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decided: April 27, 1983.


No. 24 E.D. Miscellaneous Docket 1983, Complaint in Quo Warrantor and for Declaratory Relief.


Robert B. Surrick, Media, pro se, Robert P. Cummins, pro-hoc-vice, Chicago, Ill., for plaintiff.

Stephen M. Feldman, Philadelphia, for defendant.

Roberts, C.j., and Nix, Larsen, Flaherty, McDermott, Hutchinson and Zappala, JJ. Nix, J., files a dissenting opinion in which McDermott, J., joins.

Author: Per Curiam

[ 500 Pa. Page 533]


No merit having been found in plaintiff's objections to the unanimous order of the full Court dated January 26, 1983, the complaint in quo warrantor is dismissed and judgment entered in favor of defendant.

[ 500 Pa. Page 534]

NIX, Justice, dissenting.

Under Article 5 of the Constitution of this Commonwealth, as amended in 1968, the Chief Justice and Justices of this Court were vested with the awesome responsibility of exercising the "supreme judicial power of the Commonwealth." Pa. Const., Art. 5, § 2. The magnitude of this charge necessarily mandates circumspect exercise of that power. Thus, whenever a legitimate question is appropriately raised regarding the propriety of our discharge of this responsibility, it is incumbent upon this Court to assess the complaint, without rancor, with reflective objectivity and to confess error where appropriate. The arrogant misuse of public trust is the precursor of tyranny. To obstinately refuse to admit error and to perpetually seek justification is to deny the fallibility of human nature and to assume a posture that is indefensible. It is for these reasons that I believe it is incumbent upon me to acknowledge error in my previous vote and explain the basis for that conclusion.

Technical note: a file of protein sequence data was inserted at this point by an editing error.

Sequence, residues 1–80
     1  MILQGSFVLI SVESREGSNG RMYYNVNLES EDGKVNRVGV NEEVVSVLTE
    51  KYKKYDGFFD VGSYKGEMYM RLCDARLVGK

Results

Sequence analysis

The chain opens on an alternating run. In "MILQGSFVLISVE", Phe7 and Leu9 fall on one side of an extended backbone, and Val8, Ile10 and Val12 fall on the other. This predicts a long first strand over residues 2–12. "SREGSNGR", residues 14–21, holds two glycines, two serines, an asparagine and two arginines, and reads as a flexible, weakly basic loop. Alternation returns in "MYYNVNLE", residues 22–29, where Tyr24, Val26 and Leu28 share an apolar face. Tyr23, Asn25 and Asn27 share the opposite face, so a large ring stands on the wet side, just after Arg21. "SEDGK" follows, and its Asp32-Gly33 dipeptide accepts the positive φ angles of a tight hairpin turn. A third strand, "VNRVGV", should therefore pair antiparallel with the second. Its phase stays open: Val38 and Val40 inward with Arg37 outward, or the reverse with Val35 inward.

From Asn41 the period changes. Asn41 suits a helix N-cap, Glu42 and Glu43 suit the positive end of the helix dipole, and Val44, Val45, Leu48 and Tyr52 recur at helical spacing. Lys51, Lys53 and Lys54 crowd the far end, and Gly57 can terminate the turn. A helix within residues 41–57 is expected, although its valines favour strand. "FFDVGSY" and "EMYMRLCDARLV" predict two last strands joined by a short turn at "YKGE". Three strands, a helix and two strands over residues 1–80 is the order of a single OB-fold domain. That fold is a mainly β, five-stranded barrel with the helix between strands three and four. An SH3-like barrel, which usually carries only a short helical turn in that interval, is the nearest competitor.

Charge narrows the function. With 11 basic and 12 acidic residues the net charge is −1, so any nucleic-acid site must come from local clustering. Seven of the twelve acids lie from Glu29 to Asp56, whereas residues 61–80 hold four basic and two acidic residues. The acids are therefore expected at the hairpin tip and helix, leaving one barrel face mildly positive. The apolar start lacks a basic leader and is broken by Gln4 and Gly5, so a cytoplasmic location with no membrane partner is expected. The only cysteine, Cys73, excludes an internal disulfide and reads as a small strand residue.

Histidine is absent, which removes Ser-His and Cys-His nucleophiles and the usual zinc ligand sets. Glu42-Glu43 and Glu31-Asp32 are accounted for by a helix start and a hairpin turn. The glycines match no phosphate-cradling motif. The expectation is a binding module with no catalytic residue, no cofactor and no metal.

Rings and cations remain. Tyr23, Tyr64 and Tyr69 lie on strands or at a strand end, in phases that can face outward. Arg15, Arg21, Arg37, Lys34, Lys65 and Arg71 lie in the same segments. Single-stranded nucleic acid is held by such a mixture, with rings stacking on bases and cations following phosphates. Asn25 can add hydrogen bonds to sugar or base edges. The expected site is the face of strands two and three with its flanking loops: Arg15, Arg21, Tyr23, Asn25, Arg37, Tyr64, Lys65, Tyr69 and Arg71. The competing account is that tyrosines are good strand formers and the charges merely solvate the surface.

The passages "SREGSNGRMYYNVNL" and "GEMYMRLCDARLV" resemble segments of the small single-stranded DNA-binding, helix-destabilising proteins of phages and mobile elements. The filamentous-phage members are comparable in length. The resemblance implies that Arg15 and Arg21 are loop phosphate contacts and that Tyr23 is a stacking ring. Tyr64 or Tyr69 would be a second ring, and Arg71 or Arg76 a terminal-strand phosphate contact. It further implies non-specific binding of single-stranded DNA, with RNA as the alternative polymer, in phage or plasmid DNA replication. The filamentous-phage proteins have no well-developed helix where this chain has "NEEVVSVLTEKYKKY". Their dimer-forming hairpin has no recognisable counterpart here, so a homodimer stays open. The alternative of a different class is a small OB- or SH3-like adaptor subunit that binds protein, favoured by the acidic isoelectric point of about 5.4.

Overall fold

At issue is the legality of this Court's order of January 26, 1983 appointing a retired judge to serve as one of the two members representing the Superior Court on the Judicial Inquiry and Review Board (Board). Pa. Const., Art. 5, § 18. The constitutional question raised is whether a judge who has attained the mandatory retirement age and retires in accordance with constitutional mandate can serve as one of the two representatives of the Superior Court on the Board. I am constrained to conclude that a retired judge is not a judge of the Superior Court within the meaning of section 18(a) and therefore is ineligible to serve.*fn1 This conclusion is not altered, in any respect, by the fact that the judge may have been temporarily assigned to the Superior Court by order of this Court pursuant to section 16(c) of Article 5. As

[ 500 Pa. Page 535]

    reluctant as I am to reach this result because of my affection and respect for Judge Hoffman, the judge appointed in this instance, I must accept the clear mandate of Article 5.


The fatal flaw in any argument seeking to suggest that section 16(b) of Article 5 supports the instant appointment is the refusal to recognize that the mandatory retirement provision of section 16(b)*fn2 extinguishes the status of judge and creates a vacancy which must be filled by the provisions of section 13 of Article 5. This inescapable fact, which is unequivocally established by the plain meaning of the language of the entire Article, forces the conclusion of the constitutional invalidity of the appointment.*fn3 The supporters

[ 500 Pa. Page 536]

    of the appointment can only justify their interpretation of section 16(c) by refusing to read that paragraph in context with the other provisions of the section, particularly 16(b), and by ignoring the obvious scheme of the entire Article. Such an interpretation requires the total disregard of the well-established tenets employed to determine constitutional mandate and frustrates the will of the electorate of this Commonwealth who adopted this Article.*fn4


To sustain the position of the supporters of the appointment we are literally called upon to totally emasculate mandatory judicial retirement. The singular thesis of the constitutional arguments attempting to sustain the appointment's validity requires the unjustified assumption that section 16(c) in some way mysteriously resuscitates and brings new life into the status of a retired judge. Although they begrudgingly concede, as they must, some diminution in the status of the retired judge,*fn5 they ignore the clear constitutional scheme to extinguish the status and create a vacancy when the retirement occurs. See Barbieri v. Shapp, 476 Pa. 513, 523, ...

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